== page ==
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A comparison of two imaging modalities for detecting lymphatic nodal spread in radiochemotherapy of locally advanced cervical cancer

Journal article
Authors Ann-Charlotte Waldenström
Karin Bergmark
Annika Michanek
Farida Hashimi
Rauni Rossi-Norrlund
Caroline Olsson
Peter Gjertsson
Henrik Leonhardt
Published in Physics and Imaging in Radiation Oncology
Volume 8
Pages 33-37
ISSN 2405-6316
Publication year 2018
Published at Institute of Clinical Sciences, Department of Radiation Physics
Institute of Clinical Sciences, Department of Oncology
Pages 33-37
Language en
Links https://doi.org/10.1016/j.phro.2018...
Keywords Cervical cancer Nodal spread Radiochemotherapy FDG-PET/CT MRI
Subject categories Clinical Medicine

Abstract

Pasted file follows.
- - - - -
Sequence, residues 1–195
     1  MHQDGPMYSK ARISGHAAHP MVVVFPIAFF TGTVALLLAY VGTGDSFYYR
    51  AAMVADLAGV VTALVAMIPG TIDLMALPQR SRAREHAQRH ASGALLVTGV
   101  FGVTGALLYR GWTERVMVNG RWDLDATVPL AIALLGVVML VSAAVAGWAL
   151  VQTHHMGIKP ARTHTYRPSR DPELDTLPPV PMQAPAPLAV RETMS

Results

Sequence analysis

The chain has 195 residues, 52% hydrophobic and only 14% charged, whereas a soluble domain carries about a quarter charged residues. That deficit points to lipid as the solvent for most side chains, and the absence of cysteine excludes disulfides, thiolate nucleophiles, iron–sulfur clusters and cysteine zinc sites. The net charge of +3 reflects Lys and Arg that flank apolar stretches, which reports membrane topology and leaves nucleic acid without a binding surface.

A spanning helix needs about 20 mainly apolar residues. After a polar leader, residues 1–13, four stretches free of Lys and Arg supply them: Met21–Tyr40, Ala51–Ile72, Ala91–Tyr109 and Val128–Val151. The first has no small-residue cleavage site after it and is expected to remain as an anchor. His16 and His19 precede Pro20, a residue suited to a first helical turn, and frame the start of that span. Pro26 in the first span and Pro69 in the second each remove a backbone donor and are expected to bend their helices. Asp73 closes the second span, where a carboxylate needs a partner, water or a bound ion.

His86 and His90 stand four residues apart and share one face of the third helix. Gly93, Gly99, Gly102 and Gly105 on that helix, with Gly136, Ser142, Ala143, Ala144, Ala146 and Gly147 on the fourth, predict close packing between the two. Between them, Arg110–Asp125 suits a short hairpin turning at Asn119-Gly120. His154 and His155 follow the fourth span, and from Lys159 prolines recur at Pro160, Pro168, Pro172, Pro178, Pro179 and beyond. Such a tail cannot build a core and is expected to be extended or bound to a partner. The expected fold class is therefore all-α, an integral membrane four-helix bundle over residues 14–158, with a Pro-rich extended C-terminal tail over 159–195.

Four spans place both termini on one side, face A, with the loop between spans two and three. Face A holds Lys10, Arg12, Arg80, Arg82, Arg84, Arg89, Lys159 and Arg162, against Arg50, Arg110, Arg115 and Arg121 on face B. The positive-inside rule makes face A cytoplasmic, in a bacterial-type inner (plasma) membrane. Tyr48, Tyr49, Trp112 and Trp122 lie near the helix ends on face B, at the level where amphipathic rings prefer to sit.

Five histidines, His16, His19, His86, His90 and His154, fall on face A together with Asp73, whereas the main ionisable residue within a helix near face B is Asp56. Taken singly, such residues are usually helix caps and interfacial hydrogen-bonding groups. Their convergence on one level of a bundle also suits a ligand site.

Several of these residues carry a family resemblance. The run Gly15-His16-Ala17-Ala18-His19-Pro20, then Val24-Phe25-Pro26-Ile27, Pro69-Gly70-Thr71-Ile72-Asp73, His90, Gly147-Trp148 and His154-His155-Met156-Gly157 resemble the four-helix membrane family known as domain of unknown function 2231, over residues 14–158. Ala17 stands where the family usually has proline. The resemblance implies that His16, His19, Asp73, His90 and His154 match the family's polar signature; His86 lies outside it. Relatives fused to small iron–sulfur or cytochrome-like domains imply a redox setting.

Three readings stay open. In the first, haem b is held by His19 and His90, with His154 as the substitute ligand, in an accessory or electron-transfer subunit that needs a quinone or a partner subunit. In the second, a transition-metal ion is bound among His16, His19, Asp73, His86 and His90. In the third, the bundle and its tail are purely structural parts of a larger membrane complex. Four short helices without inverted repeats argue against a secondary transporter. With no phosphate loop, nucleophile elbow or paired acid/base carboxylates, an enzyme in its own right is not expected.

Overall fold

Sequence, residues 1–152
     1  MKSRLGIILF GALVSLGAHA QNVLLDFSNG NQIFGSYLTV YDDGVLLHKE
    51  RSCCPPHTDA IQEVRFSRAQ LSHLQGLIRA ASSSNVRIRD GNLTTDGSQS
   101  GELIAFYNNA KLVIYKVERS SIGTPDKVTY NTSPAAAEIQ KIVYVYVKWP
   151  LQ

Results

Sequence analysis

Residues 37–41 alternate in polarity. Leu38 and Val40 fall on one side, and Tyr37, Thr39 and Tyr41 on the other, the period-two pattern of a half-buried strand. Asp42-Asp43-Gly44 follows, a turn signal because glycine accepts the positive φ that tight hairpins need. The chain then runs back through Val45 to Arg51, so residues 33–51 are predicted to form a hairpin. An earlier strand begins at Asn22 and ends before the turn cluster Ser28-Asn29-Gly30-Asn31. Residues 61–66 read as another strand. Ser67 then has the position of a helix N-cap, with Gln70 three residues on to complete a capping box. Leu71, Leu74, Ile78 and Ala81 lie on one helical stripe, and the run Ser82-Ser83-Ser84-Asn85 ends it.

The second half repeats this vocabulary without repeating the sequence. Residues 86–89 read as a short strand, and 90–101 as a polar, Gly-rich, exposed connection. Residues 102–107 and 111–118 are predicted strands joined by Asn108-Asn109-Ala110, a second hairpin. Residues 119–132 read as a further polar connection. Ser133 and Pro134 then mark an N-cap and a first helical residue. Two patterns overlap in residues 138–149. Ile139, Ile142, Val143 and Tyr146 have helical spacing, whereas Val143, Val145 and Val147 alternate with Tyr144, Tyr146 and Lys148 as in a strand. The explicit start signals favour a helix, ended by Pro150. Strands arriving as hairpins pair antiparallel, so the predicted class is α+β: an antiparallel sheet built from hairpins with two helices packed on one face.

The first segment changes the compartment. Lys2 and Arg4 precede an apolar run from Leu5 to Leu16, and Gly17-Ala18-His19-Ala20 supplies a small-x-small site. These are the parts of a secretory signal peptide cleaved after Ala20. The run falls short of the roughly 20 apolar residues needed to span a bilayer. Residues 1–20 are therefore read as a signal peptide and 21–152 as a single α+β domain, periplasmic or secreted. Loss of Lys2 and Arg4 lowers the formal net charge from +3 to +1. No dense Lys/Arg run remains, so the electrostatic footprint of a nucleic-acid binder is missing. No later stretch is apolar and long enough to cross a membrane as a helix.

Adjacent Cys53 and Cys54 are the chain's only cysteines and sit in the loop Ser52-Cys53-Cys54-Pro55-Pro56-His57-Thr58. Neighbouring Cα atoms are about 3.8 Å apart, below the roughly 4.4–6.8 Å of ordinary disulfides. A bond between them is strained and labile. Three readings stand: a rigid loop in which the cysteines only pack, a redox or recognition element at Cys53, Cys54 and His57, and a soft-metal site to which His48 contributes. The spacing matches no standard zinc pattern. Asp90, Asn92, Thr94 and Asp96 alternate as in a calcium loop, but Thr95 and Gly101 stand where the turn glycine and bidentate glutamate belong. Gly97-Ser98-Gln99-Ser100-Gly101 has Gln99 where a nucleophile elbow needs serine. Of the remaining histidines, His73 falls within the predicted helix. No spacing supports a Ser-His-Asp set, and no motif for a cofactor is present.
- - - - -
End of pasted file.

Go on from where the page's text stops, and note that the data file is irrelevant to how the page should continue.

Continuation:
Background and purpose: In uterine cervical cancer tumour spread reaching the para-aortic lymph nodes is the most significant independent pre-treatment predictor of progression-free survival. When introducing [18F] fluorodeoxyglucose-positron emission tomography (FDG-PET)/computed tomography (CT) in our clinic for patients with advanced cervical cancer planned for definitive radiochemotherapy, the purpose of this study was to quantify to what extent the added information lead to changes in radiotherapy planning. Material and methods: We included 25 consecutive patients with cervical cancer stages IB2 – IIIB planned for definitive radiochemotherapy between November 2010 and May 2012. The patients were examined both with magnetic resonance imaging (MRI) and FDG-PET/CT before treatment and after four weeks of treatment. Results: In 11/24 (46%) of the patients the FDG-PET/CT before treatment provided additional diagnostic information leading to changes in treatment planning compared to information from MRI. Seven of these eleven patients (64%) were alive and without evidence of disease at four-year follow-up. The MRI detected pelvic tumour spread not seen on the FDG-PET/CT in 2/24 patients. The disease-free four-year survival was 59%. Conclusions: Additional diagnostic information from FDG-PET/CT changed treatment strategy in almost half of the patients and may have increased chances of survival in this limited group of patients with locally advanced uterine cervical cancer. We recommend both modalities for nodal detection.

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